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Geostatistical investigation of the Kutcho Creek chrysotile deposit, Northern British Columbia

  • A. J. Sinclair
  • L. J. Werner
Article
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Abstract

The Kutcho Creek asbestos deposit, owned by Cassiar Asbestos Corporation Ltd., has been sampled by two major exploratory programs that have provided two sets of grade data—one from the horizontal direction (wall readings) and one from the vertical direction (diamond drill cores). These data (percentage chrysotile by volume) were divided into well-defined groups on the basis of location and sample continuity, and experimental variograms for percentage of fiber content were calculated for each group. Horizontal data were all oriented in directions roughly parallel to the trend of an elongate serpentinite zone containing local centers rich in chrysotile veinlets. Spherical variogram models fitted to horizontal and vertical data sets are as follows: Vertical:
$$\begin{gathered} \gamma (h) = 0.27 m^2 + 0.44 m^2 [(3h/70) - (h^3 /85,750)] h \leqslant a \hfill \\ \gamma (h) = 0.71 m^2 h \geqslant a \hfill \\ \end{gathered}$$
Horizontal:
$$\begin{gathered} \gamma (h) = 0.27 m^2 + 1.20 m^2 [(h/60) - (h^3 /729,000)] h \leqslant a \hfill \\ \gamma (h) = 1.47 m^2 h \geqslant a \hfill \\ \end{gathered}$$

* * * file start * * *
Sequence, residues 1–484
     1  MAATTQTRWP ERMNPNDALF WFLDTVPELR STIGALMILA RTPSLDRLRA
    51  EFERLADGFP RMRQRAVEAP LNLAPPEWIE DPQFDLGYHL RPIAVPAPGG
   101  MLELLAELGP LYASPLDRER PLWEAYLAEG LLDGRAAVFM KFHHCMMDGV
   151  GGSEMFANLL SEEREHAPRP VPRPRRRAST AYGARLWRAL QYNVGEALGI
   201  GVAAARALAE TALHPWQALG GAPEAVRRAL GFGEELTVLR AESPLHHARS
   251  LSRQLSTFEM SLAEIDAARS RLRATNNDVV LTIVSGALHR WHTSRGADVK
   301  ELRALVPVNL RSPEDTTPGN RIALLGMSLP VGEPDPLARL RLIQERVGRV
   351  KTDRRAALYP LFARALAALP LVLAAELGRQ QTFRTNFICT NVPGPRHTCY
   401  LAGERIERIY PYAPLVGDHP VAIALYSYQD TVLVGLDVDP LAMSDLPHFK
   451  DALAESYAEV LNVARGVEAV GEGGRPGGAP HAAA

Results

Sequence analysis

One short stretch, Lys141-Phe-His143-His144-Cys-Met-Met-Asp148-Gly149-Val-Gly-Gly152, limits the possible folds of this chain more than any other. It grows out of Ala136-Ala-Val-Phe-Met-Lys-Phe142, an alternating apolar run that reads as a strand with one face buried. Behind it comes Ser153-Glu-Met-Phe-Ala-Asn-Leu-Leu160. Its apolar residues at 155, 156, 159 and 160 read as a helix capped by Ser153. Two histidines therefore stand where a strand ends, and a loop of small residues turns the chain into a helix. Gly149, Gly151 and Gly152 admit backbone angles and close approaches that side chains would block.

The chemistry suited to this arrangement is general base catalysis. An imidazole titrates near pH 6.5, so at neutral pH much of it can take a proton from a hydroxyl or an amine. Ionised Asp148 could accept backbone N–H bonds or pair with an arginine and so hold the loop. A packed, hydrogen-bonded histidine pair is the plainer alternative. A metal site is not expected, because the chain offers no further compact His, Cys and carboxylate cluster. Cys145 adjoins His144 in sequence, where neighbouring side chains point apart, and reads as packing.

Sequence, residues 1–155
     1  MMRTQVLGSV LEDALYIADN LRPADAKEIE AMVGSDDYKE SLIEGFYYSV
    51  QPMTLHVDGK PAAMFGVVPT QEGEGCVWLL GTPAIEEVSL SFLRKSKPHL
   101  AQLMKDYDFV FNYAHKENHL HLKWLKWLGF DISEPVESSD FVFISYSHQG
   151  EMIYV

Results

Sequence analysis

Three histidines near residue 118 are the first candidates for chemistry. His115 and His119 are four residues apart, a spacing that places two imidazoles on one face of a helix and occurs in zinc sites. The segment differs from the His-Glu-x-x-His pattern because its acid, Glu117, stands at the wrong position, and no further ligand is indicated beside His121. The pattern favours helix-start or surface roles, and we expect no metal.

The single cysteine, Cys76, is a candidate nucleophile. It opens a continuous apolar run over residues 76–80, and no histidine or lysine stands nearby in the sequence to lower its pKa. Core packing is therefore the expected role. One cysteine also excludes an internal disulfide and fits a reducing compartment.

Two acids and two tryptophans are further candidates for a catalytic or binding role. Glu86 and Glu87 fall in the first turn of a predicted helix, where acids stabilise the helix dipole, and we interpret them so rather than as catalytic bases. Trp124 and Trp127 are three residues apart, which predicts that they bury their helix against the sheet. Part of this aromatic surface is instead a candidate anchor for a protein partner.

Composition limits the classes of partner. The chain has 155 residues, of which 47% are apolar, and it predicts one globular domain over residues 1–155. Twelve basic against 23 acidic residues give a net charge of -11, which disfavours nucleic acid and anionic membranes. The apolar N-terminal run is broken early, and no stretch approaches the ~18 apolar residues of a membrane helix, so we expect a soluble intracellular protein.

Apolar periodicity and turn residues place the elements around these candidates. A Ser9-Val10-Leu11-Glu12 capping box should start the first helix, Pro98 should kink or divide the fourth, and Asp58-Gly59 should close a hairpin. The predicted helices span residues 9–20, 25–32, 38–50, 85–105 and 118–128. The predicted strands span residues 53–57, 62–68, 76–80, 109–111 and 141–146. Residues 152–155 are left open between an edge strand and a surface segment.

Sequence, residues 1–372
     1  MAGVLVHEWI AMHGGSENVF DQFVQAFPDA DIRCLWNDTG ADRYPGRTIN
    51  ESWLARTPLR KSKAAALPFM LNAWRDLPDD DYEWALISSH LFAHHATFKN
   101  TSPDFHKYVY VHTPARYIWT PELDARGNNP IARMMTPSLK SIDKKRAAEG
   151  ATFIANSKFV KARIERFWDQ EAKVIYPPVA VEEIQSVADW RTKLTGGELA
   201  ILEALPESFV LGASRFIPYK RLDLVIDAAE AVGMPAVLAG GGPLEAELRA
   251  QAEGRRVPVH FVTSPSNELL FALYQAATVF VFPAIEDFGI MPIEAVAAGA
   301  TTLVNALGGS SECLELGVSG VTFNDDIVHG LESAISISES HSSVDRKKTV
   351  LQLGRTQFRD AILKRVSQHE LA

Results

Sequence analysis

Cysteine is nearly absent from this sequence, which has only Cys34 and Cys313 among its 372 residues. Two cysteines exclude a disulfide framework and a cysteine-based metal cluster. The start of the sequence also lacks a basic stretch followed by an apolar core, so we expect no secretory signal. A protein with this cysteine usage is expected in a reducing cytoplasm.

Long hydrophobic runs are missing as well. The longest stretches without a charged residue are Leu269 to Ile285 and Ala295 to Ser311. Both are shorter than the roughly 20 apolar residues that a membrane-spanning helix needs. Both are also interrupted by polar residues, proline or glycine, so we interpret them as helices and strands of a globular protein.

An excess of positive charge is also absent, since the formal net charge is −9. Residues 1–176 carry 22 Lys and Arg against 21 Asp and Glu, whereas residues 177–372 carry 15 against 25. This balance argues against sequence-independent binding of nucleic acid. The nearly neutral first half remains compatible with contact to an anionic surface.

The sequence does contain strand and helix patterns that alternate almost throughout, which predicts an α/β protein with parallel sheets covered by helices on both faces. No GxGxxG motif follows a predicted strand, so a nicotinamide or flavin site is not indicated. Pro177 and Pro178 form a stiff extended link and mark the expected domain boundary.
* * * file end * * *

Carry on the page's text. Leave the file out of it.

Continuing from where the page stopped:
Wherem is the mean value of data used in the construction of a variogram,h is a lag (sample spacing), anda is the range over which the grade is autocorrelated. These two one-dimensional models can be combined to a two-dimensional model with the form γ(h)=γ(r)+γ(x) where γ(r) is an isotropic component (equivalent to the vertical model above) and γ(x) is a zonal component in the horizontal direction (equivalent to the difference between the horizontal and vertical models above). This general model describes data throughout the entire serpentinite zone in a satisfactory manner but, of course, does not contain information in the third dimension, and, thus, cannot be used as a basis for grade and tonnage calculations and corresponding error estimates. Nevertheless, the analysis has illustrated the potential of variogram analysis for such tonnage and grade calculations. Furthermore, the study has provided limiting two-dimensional information on the geometry of chrysotile-rich zones within the serpentinite belt, information that can be used to advantage in planning future exploratory drilling.

Key words

geostatistics mining geology 

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References

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Copyright information

© Plenum Publishing Corporation 1978

Authors and Affiliations

  • A. J. Sinclair
    • 1
  • L. J. Werner
    • 1
  1. 1.Department of Geological SciencesUniversity of British ColumbiaVancouverCanada

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